5 Albanian Foods to Try

Albanian food is good, first of all. It’s heavy on meats and cheeses, but with Greek food alongside to balance things out. The nation Greece is just to the southeast, which explains the presence of giros as pretty much the only available “fast food”. (Hey, none of us are complaining!) This also means that Greek salads, God bless them, are on the menu wherever salads are sold.

A common lunch, pre-dinner first course, or side dish might consist of a plate of tomato, cucumbers, and djathe lope – a white cheese reminiscent of feta. And bread, of course – no Albanian meal is considered complete without bread! Sour cream is a universal handy sauce for everything. Baklava is commonly exchanged around Christmastime and New Year’s the way fruitcakes used to be in the west, and believe it or not, some foreigners get heartily sick of it! It’s homemade and of, uh, occasionally varying quality.

Below are a few more specific traditional dishes that I’ve had the privilege of trying in the months that I’ve been here.

Qofte -Sounds like CHOF-tuh. These fried meatballs are the national dish of Albania. Also popular in Kosovo, they were first introduced by the Turks and are the Balkan version of a dish popular throughout the Middle East. (According to Google, that is; ain’t learning great?) Sometimes they’re made into patties, like in the above image. They’re delicious, by the way. Shoutout to Arsi, my roommate’s sister, for making the lovely New Year’s Eve dinner pictured above.

Kernaçka – A kind of sausage or sometimes meatball unique to Korce, and a variant of qofte. Most times I have seen it ordered, it is served by itself as in the picture below, instead of mixed into other foods like I do when I try to cook them. Once time yours truly bought the raw frozen ones and accidentally undercooked them, leading to a speedily resolved case of food poisoning. Oh well, live and learn. They too are delicious.

Petulla – Fried dough balls, called pancakes but that seems like a bit of stretch. Served in the below picture with butter and honey, but can also be served with powdered sugar or with savory flavors like feta cheese. They’re good, but don’t go in expecting something as sweet as an actual pancake or donut or you’ll be disappointed. What can I say, I’m such a hopeless devotee of actual pancakes.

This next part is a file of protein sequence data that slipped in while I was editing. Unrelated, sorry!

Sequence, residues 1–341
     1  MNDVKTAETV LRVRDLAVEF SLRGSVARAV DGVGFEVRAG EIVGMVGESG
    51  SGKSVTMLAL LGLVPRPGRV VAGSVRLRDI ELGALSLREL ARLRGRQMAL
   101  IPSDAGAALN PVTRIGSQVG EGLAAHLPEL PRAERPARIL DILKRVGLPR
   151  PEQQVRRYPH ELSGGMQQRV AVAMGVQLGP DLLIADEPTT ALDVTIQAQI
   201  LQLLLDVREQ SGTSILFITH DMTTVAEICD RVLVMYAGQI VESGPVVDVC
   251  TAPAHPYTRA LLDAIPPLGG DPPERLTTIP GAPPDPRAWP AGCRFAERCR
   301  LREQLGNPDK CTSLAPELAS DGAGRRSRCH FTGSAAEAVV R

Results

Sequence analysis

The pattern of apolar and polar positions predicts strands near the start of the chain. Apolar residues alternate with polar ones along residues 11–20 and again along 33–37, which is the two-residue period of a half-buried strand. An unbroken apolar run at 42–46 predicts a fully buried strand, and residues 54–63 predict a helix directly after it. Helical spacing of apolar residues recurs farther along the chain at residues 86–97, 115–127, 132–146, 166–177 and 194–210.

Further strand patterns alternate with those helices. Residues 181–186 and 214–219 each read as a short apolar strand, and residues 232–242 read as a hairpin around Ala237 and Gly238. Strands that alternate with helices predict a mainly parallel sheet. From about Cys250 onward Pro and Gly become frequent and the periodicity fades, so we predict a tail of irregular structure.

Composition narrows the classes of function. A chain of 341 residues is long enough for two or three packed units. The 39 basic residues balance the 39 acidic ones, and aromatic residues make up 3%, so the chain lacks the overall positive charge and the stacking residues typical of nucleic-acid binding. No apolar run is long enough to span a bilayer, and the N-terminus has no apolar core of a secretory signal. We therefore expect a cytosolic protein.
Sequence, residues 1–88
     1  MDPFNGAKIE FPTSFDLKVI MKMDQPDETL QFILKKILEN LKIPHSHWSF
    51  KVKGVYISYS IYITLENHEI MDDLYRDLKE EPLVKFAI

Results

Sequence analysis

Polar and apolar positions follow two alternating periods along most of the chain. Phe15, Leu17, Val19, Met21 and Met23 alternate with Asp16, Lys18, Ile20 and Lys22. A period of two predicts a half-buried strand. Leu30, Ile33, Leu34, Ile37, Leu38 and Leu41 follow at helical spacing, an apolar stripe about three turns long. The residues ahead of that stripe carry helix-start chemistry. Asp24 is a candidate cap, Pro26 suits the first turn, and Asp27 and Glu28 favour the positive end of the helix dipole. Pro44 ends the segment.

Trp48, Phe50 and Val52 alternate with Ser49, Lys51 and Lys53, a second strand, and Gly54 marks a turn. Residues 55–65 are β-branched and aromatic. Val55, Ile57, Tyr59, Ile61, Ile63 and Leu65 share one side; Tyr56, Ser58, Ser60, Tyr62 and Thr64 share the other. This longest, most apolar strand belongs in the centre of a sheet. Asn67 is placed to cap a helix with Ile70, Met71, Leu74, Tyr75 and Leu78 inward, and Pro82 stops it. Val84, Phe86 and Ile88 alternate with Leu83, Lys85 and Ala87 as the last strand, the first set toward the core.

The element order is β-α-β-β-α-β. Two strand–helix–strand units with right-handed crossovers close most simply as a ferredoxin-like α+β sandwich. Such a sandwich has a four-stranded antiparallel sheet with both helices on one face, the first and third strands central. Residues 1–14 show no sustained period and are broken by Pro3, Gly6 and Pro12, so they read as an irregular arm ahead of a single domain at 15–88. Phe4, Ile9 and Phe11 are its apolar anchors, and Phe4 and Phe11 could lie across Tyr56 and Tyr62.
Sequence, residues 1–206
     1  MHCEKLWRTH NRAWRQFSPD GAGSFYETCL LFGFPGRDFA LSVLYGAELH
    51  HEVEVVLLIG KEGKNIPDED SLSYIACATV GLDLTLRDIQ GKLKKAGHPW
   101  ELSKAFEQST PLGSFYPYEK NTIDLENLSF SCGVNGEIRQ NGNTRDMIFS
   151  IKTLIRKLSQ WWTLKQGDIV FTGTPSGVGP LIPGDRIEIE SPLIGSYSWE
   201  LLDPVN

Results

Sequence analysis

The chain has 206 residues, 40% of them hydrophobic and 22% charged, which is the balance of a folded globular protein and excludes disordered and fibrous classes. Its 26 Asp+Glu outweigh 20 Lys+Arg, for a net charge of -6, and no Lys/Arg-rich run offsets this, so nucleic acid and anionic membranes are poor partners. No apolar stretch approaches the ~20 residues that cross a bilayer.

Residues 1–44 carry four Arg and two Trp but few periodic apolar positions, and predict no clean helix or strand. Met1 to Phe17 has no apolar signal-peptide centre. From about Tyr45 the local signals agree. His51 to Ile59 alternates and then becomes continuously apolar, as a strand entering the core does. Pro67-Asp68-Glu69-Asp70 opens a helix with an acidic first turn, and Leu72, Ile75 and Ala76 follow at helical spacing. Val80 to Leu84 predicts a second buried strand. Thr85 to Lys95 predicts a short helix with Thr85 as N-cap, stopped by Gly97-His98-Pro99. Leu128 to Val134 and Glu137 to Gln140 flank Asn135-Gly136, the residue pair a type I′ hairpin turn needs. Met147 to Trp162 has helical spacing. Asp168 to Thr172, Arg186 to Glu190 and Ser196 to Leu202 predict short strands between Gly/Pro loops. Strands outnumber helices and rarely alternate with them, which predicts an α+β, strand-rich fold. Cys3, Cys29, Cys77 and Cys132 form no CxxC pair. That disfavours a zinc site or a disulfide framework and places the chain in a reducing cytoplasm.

P.S. That’s the remnants of Turkish coffee in the picture, by the way. Goodness, I thought I was going to enjoy that a lot more than I did. “Brewed with sugar” – what could go wrong? Feeling like my teeth are covered with coffee ground sludge afterwards, that’s what could go wrong! No hate intended, but I think from now on I’ll stick to pouring sugar into espresso because it was served with sugar next to it, never mind accusations of how “weird” that sounds. Don’t knock it till you’ve tried it.

Fasule pllaqi (sounds like fah-SUE-lay – PLAH-chee) – These gigantic white beans are huger than any others I’ve seen in my life. At least twice as big. I don’t know what flavors or ingredients go into the little bit of sauce they’re cooked in, but they’re pretty tasty even if they are a bit bland. I don’t mind; I’m aways down for a nice little protein-rich side dish.

Patate e tzatziki – French fries in Albania are often ordered with a dish of tzatziki sauce to dip them in. Ergo, my life is complete. I always dive for them; that stuff never gets old. No picture to go with this, but then, none is needed. Instead, here’s a picture of chicken inexplicably but blessedly covered in French fries and shredded cheese.

Chicken is usually served whole as a sharing dish for the table. The practice of ordering a variety of dishes for the table is the same as in East Asia (China, Japan, Korea) and other collectivist cultures. Color me a fan.

Oh, before you go, our picturesque town of Korce is renowned in Albania for more than its traditional serenades and cool summer weather – the capital of Tirana actually has several restaurants that serve Korce’s specific cuisine! We’re kinda special like that. To brag for just a sec, we actually really like it here and wouldn’t trade it for any other town around these parts.

Published by gracexaris

Explorer, thinker, writer, teacher, woman.

6 thoughts on “5 Albanian Foods to Try

Leave a Reply

Fill in your details below or click an icon to log in:

WordPress.com Logo

You are commenting using your WordPress.com account. Log Out /  Change )

Google photo

You are commenting using your Google account. Log Out /  Change )

Twitter picture

You are commenting using your Twitter account. Log Out /  Change )

Facebook photo

You are commenting using your Facebook account. Log Out /  Change )

Connecting to %s

%d bloggers like this: